2 Cheap Fat Dividends to Buy in July
Co-produced with Treading Softly.
July is an exciting time in my home. We have two national holidays – Canada Day and Independence Day – along with two birthdays.
We love a good celebration – between fireworks, backyard barbecues and the grand opening presented, we can look forward to an exciting month!
For many, there is a lull in celebrations from July through September, when Labor Day arrives. I don’t know anyone who celebrates on this day, so let’s look forward to Halloween. Canadians have public holidays on August 1st and Thanksgiving in October before Halloween. What can I say, living in a dual nationality household, we get to party a lot!
However, every month is an exciting time for my portfolio. I regularly receive large injections of cash from my various holdings. Love letters of thanks for my possessions.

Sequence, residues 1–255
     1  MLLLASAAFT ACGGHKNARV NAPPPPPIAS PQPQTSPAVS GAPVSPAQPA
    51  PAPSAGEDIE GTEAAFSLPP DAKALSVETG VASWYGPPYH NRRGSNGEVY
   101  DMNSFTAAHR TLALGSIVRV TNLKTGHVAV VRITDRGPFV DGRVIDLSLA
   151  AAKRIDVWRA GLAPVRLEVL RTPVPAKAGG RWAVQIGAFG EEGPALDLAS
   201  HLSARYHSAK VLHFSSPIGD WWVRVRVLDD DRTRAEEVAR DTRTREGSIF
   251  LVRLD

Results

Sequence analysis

This July I have two excellent picks that are worth buying or adding to your portfolio. They will reward you with monthly income – to be able to afford all those celebrations! – and we’re pleased to announce a recent dividend increase.
Let’s dive in.
Choice #1: OXLC – Yield 14.4%
Capital of Oxford Lane (OXLC) operates in a niche market unknown to many investors. OXLC is a fund that invests in “CLOs” or Collateralized Loan Obligations.
What is a CLO?
Suppose you go to the bank and take out a loan to buy a car. The bank guarantees your loan and makes the money available to you, but has little interest in waiting the next 5-7 years to see if you repay the loan as agreed. Instead, the bank sells your loan to investors who are happy to sit and collect your interest payments. In this way, the bank immediately frees up capital so they have the cash to provide the next person who qualifies for a loan, this is how almost any debt works. The originator charges a fee and then sells a significant portion of the loans to other investors who are not in the lending business and are content to wait for interest payments.